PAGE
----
SEDDEL-BAHR MILITARY GRAVE
|Country||Turkey (including Gallipoli)|
|Total identified casualties||1 Find these records|
|Casualties from||First World War|
This isolated grave, marked by a standard Gallipoli marker, is on the top of Hill 141, also known as Doughty Wylie or Fort Hill. The site is situated on the road from Seddulbahir to W Beach. Leave Seddulbahir (formerly Seddel-Bahr) on the road towards Lancashire Landing Cemetery and watch for a signpost to Panorama Pension. Turn up this road and the grave will be found off to the side of the road under two cypress trees.
For further information and enquiries please contact firstname.lastname@example.org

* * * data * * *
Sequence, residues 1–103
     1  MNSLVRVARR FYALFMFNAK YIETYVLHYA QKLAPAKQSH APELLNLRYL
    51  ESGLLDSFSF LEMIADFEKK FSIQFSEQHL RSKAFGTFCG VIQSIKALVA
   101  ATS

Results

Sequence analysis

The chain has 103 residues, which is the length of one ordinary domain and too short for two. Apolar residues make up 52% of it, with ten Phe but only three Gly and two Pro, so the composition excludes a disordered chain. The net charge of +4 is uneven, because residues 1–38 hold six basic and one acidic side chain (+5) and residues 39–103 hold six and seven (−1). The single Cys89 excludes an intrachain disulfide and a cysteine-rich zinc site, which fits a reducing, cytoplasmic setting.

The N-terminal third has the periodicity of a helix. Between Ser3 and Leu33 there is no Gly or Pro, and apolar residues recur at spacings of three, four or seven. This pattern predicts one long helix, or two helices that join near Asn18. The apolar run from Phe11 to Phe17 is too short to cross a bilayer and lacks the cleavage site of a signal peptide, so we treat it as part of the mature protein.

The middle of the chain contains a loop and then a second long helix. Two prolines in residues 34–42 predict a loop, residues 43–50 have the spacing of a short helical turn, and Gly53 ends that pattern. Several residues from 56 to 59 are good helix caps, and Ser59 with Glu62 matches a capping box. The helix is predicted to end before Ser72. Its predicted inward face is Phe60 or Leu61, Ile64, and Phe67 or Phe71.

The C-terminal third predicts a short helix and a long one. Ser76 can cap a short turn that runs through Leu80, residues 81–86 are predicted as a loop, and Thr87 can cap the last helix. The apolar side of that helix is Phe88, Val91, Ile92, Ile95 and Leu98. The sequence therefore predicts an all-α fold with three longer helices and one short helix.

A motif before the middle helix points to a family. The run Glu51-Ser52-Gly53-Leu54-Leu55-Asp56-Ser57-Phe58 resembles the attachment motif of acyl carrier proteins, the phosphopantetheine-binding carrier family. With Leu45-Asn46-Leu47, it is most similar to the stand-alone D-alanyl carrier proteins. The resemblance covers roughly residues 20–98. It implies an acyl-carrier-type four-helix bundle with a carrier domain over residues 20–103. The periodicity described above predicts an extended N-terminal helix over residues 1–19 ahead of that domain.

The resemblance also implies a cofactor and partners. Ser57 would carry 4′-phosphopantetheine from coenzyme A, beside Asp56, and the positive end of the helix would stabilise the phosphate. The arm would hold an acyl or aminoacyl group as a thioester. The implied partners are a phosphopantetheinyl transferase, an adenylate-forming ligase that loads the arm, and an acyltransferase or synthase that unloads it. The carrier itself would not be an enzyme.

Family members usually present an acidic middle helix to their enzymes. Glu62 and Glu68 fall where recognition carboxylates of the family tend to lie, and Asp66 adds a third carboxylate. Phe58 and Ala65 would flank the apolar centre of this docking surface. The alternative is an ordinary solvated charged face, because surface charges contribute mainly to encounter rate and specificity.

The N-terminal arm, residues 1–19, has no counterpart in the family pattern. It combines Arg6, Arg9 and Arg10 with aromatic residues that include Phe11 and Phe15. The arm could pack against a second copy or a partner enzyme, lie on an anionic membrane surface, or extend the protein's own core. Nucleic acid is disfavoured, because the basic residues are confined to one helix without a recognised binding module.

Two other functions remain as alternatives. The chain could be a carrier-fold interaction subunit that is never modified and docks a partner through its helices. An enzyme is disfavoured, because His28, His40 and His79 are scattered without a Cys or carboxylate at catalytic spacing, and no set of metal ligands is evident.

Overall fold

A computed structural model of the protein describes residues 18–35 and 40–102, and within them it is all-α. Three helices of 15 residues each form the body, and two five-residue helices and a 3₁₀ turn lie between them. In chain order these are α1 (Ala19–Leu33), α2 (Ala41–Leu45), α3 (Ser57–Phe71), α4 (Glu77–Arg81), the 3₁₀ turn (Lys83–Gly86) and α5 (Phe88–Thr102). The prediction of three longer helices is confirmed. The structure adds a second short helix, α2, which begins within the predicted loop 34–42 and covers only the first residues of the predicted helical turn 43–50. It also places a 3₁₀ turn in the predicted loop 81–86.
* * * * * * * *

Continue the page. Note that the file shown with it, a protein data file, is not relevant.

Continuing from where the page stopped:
The eight month campaign in Gallipoli was fought by Commonwealth and French forces in an attempt to force Turkey out of the war, to relieve the deadlock of the Western Front in France and Belgium, and to open a supply route to Russia through the Dardanelles and the Black Sea. The Allies landed on the peninsula on 25-26 April 1915; the 29th Division at Cape Helles in the south and the Australian and New Zealand Corps north of Gaba Tepe on the west coast, an area soon known as Anzac. At Helles, the 29th Division landed troops at 'S', 'V', 'W', 'X' and 'Y' Beaches, five small coves at or near the southern end of the peninsula. The landing at 'V' Beach was to be made by boats containing three companies of the 1st Royal Dublin Fusiliers, followed by the collier 'River Clyde' with the rest of the Dublins, the 1st Royal Munster Fusiliers, half the 2nd Hampshire Regiment and other troops. The place was very strongly fortified and heavy casualties were sustained during the landing. On the morning of 26 April, Lieutenant Colonel Charles Doughty-Wylie and Captain Garth Walford led the survivors on the beach to the capture of Sedd el Bahr village and the old castle above it. Both won the Victoria Cross, but were killed during the fight (Captain Walford is buried at V Beach). That evening, the main body of the French Corps began to land at 'V' Beach and after the following day, the front line had advanced about three kilometres beyond it. The grave of Colonel Doughty-Wylie is immediately north of Sedd el Bahr, opposite the point at which the 'River Clyde' came ashore. He is buried where he fell, close to the old fort to which he led the attack.